Number of Uninsured Growing
As the percent of the population with health insurance coverage has fallen—from 86.5 percent in 2001 to 83.7 percent in 2010, according to the U.S. Census Bureau—the focus on coverage has become more acute.
While 49.9 million people nationwide had no health insurance coverage in 2010, the percentage varies significantly across states, regions, age groups, racial and ethnic groups, and income levels. While the percentage of Americans with private health insurance has dropped, more people are now covered by government health insurance, primarily due to growth in Medicaid enrollment, which is a trend that will likely continue.
In 2010, Massachusetts had the highest percentage of insured residents with 94 percent covered, followed by Hawaii at 92 percent and Minnesota at 90 percent. Texas had the fewest residents insured at 75 percent, with Nevada and Florida—both with 79 percent—close behind.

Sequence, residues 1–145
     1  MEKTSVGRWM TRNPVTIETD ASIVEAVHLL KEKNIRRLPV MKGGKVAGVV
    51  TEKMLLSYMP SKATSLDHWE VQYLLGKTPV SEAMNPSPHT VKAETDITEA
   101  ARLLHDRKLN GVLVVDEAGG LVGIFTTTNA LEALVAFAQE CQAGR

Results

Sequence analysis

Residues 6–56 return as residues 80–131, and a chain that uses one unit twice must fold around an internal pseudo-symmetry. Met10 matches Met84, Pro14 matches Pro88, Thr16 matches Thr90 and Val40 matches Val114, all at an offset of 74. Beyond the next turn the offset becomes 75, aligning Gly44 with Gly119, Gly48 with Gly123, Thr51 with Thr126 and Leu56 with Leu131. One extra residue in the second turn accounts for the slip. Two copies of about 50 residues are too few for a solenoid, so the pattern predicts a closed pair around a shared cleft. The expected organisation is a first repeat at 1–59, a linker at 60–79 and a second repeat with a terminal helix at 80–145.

From 2001 to 2010, the percentage of those insured by government health insurance grew from 25 to 31 percent, primarily due to growth in Medicaid enrollment.
The youngest and oldest members of society were most likely to be insured: 91 percent of those under age 6 and 98 percent of those over age 65 were insured in 2010. The age group of those 25 to 34 had the smallest percentage of insured individuals—72 percent in 2010.
Children in poverty were much more likely to be uninsured than their more financially secure counterparts. In 2010, 9.8 percent of all children—those under 18—were without health insurance, while the uninsured rate for children in poverty was 15.4 percent.
Also in this issue:
- Expect Delays in Federal Transportation Bill
- Compact on Surplus Lines Insurance Nears Next Steps
- State Leaders Take on Recidivism
- Ethics Director: If You Have a Doubt, Don't Do It